The aggregate deficit of U.K. defined benefit pension plans among FTSE 100 companies more than doubled to £300 billion ($491 billion) year to date mid-July from £130 billion, according to consultant Deloitte.
The deficits have hiked cash contributions, which has pinched some companies so much they have begun to use contingent funding or shifting assets to the pension fund from the company's balance sheet. Deloitte predicts the trend will “increase significantly over the next few years,” according to a news release.
“If pension funds had to rely purely on cash contributions from companies, it could, at the current rate, take more than 50 years to clear the aggregate pensions deficit,” David Robbins, Deloitte pensions partner, said in the release. “This position will not be acceptable to pension plan trustees, but significant cash contribution increases would be unaffordable for companies.”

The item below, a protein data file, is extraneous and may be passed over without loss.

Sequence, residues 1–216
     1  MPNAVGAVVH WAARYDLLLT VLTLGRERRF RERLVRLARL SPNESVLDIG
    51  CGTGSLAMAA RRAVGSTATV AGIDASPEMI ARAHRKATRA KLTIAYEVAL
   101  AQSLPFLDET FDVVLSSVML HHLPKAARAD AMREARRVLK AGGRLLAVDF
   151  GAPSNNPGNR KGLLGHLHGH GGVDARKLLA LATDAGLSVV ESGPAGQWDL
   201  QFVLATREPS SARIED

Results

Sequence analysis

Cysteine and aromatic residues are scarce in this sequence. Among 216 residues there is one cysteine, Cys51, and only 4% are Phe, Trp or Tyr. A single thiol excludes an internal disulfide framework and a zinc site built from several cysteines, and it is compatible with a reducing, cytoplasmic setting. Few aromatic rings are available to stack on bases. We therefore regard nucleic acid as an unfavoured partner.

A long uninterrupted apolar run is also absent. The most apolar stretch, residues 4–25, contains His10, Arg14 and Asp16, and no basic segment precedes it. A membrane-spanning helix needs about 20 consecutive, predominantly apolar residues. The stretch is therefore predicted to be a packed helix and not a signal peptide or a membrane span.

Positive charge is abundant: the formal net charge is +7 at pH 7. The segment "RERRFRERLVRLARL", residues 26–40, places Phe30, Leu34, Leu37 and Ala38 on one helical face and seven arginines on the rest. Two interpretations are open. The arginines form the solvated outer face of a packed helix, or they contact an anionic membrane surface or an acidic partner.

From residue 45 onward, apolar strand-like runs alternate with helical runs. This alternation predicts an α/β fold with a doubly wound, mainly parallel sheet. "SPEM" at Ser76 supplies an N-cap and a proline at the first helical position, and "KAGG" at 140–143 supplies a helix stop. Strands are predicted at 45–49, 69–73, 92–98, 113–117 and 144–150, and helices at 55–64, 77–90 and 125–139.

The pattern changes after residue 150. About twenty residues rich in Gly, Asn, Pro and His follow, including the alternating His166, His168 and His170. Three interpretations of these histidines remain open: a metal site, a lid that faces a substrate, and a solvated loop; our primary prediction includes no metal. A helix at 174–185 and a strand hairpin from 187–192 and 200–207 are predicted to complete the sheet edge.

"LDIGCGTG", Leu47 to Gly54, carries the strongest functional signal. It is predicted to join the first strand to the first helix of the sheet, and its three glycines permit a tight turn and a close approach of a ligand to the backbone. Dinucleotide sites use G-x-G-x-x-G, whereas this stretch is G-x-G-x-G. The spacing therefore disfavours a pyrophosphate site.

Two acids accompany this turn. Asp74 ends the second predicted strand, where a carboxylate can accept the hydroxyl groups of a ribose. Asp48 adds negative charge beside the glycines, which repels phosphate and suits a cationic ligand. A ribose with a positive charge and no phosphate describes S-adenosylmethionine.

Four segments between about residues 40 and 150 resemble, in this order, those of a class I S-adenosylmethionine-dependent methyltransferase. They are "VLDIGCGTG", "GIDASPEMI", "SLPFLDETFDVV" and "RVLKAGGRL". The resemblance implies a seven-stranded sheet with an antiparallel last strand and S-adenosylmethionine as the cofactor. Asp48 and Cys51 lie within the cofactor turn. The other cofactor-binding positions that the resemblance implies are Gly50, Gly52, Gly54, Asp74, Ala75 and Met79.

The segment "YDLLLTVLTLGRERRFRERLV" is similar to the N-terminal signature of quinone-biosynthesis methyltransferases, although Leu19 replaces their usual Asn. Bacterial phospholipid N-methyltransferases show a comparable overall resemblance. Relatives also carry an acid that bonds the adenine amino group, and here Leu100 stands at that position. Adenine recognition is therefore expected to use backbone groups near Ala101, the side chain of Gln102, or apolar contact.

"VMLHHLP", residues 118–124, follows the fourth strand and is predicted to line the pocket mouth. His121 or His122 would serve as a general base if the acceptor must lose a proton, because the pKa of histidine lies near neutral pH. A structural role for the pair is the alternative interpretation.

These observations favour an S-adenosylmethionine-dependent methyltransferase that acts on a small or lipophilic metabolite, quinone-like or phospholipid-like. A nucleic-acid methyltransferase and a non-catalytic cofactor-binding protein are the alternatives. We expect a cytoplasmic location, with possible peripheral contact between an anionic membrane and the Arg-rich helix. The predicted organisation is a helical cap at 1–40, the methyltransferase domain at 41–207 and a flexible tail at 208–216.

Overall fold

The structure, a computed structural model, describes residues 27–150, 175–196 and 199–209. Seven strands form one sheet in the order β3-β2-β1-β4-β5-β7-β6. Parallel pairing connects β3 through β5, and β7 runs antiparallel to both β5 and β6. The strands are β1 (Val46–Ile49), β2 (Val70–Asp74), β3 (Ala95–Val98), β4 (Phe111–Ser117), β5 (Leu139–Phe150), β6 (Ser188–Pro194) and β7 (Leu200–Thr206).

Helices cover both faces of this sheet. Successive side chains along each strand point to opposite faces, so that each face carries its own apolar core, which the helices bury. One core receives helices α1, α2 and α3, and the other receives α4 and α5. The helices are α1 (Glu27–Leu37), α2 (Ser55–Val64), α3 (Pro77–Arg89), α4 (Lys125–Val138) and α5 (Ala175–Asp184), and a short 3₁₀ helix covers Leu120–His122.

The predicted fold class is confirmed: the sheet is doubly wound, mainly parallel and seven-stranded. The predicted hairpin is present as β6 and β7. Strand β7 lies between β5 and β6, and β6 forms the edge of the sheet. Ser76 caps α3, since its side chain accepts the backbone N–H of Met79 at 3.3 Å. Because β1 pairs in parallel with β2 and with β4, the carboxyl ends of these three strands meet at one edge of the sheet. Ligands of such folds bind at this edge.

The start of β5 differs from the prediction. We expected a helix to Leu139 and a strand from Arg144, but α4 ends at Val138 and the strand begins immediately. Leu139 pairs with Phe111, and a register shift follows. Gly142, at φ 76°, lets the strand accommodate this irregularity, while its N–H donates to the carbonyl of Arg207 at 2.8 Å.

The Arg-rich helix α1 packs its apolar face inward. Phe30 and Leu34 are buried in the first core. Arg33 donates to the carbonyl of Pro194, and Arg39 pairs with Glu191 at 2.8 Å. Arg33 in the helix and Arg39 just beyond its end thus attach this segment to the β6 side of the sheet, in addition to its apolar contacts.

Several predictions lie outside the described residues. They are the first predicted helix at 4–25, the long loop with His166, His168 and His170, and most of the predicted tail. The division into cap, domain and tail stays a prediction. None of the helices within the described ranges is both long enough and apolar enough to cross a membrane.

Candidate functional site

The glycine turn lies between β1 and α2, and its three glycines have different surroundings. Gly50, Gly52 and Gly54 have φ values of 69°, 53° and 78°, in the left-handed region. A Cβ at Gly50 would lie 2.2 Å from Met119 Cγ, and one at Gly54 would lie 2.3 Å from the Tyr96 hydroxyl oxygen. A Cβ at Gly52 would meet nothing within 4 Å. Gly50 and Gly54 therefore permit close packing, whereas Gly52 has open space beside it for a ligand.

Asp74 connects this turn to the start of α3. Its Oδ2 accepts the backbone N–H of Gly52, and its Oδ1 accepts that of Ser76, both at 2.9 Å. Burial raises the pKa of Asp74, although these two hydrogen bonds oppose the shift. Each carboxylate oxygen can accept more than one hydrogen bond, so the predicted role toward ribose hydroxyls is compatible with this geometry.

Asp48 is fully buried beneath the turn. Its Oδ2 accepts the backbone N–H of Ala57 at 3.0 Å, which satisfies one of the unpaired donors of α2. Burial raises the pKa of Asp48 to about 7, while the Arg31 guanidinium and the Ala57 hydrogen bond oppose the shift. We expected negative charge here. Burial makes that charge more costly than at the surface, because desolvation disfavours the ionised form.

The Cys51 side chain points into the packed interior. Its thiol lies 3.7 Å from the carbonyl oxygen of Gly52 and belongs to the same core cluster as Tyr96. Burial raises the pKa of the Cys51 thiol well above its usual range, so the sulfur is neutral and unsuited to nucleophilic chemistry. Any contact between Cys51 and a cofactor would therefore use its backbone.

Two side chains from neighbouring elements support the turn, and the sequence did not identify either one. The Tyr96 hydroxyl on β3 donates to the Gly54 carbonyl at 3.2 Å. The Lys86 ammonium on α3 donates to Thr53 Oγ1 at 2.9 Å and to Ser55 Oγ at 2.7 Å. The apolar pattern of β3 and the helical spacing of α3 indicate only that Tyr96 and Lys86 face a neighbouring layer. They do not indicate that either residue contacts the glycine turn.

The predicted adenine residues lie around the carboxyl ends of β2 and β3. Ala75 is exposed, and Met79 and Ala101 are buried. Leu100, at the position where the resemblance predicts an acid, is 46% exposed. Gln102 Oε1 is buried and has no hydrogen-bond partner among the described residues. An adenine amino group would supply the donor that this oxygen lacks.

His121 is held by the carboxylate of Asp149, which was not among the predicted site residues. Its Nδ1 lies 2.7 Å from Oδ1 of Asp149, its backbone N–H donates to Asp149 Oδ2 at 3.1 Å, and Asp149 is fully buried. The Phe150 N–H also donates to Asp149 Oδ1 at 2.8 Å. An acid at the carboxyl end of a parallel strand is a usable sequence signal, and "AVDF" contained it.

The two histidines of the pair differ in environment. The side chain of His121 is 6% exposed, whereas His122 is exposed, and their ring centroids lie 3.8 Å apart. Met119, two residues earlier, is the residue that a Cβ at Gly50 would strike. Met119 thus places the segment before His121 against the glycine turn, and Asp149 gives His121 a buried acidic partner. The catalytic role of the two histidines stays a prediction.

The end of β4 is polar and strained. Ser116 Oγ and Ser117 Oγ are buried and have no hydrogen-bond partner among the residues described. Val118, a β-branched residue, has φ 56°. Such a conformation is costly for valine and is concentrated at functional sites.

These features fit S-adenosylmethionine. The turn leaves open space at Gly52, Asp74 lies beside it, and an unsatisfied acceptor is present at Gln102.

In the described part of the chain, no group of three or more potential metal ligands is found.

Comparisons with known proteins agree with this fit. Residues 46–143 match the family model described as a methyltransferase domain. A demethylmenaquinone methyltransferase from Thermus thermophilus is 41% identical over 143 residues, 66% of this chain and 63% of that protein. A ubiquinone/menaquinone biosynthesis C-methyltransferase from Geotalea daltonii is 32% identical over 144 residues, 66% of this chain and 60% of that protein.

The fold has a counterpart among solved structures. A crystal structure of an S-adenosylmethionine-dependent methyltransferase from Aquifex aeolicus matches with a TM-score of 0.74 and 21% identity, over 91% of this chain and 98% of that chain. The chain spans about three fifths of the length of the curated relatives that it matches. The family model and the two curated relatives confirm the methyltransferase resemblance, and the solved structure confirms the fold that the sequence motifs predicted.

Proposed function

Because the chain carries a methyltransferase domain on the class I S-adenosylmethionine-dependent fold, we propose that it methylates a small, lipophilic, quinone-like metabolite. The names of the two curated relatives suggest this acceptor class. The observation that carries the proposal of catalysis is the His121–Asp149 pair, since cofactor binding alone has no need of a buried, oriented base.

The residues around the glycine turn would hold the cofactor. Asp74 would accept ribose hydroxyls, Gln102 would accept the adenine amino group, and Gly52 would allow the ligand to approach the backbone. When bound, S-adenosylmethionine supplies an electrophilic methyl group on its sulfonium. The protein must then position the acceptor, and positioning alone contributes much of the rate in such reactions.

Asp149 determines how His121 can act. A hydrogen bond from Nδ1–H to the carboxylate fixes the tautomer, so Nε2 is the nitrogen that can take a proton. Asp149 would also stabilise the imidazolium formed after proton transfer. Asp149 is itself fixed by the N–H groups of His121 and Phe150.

Mr. Robbins also predicted that more large companies will close and freeze their DB plans.